Unique portrait of the civil-rights struggle in Montgomery, Ala., and how it shaped one of the country’s foremost revolutionaries.
Martin Luther King Jr.’s transformation into the voice of America’s moral conscience would not have been possible without the influence of the grassroots warriors he met in Montgomery, where he won an appointment as pastor of the renowned Dexter Avenue Baptist Church. Arriving in the Alabama capital in mid-1954, King was a doe-eyed 25-year-old doctoral student from Boston University, armed with little more than untested ideology and a theory about “social gospel.” His resolve to tackle inequality manifested itself with more clarity during the first year of his pastorate as seething racial tensions began to boil over across the country. He ordered the formation of a social and political task force at Dexter, which brought him into contact with members of the city’s activist community, including E.D. Nixon, Rosa Parks and Jo Ann Robinson. Preferring to work behind the scenes, King encouraged their efforts to increase voter registration, lobby for economic development in African-American communities and integrate Montgomery’s bus service. Following Parks’s historic act of civil disobedience, King was reluctantly thrust into the spotlight after being drafted as the leader of what would become a yearlong bus boycott that set the stage for pitched civil-rights battles throughout the South. Weaving newspaper clippings, city archives and interviews with King’s colleagues and congregants, Jackson richly renders a city on the brink and the residents that pushed it over the edge. The author’s comprehensive analysis of King’s sermons before, during and after the boycott artfully depicts a man in transition, from naïve do-gooder to world-changer. Jackson’s treatment of Montgomery in the post-boycott era offers new insight into the void in leadership and the fractious infighting among the movement’s luminaries after King departed the scene.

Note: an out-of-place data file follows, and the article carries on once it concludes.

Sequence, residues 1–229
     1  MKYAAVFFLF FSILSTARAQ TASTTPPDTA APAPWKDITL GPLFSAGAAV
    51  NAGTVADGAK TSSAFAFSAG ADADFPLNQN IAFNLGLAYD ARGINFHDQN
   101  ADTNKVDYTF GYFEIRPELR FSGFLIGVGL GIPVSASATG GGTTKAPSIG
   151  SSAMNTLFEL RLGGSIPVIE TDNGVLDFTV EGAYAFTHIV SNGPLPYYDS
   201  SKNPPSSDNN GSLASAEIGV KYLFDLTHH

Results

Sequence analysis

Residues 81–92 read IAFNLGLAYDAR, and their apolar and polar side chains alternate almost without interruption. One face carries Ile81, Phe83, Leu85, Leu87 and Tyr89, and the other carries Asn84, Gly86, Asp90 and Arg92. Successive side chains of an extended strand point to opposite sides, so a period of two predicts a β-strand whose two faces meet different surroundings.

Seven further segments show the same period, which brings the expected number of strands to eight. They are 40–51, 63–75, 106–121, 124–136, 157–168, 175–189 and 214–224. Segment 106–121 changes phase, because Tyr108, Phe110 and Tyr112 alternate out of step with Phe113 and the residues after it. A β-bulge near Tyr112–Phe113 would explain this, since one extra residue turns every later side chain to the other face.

An informed investigation of the struggles that defined a time and place—and the man who gave them a voice.